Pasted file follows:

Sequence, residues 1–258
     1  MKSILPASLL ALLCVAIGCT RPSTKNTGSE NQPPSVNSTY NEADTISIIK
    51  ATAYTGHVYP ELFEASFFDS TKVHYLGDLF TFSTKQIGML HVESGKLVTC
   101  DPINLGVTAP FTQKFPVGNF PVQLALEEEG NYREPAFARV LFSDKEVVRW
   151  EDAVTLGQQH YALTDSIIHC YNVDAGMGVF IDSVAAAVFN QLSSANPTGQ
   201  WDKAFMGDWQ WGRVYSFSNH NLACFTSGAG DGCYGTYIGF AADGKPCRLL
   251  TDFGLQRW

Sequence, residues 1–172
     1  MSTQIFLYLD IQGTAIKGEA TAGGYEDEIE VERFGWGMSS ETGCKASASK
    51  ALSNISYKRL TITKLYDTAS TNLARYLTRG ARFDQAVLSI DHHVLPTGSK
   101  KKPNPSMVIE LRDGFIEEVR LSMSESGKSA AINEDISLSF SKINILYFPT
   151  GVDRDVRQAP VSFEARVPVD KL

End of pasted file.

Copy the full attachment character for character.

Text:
Sequence, residues 1–258
     1  MKSILPASLL ALLCVAIGCT RPSTKNTGSE NQPPSVNSTY NEADTISIIK
    51  ATAYTGHVYP ELFEASFFDS TKVHYLGDLF TFSTKQIGML HVESGKLVTC
   101  DPINLGVTAP FTQKFPVGNF PVQLALEEEG NYREPAFARV LFSDKEVVRW
   151  EDAVTLGQQH YALTDSIIHC YNVDAGMGVF IDSVAAAVFN QLSSANPTGQ
   201  WDKAFMGDWQ WGRVYSFSNH NLACFTSGAG DGCYGTYIGF AADGKPCRLL
   251  TDFGLQRW

Sequence, residues 1–172
     1  MSTQIFLYLD IQGTAIKGEA TAGGYEDEIE VERFGWGMSS ETGCKASASK
    51  ALSNISYKRL TITKLYDTAS TNLARYLTRG ARFDQAVLSI DHHVLPTGSK
   101  KKPNPSMVIE LRDGFIEEVR LSMSESGKSA AINEDISLSF SKINILYFPT
   151  GVDRDVRQAP VSFEARVPVD KL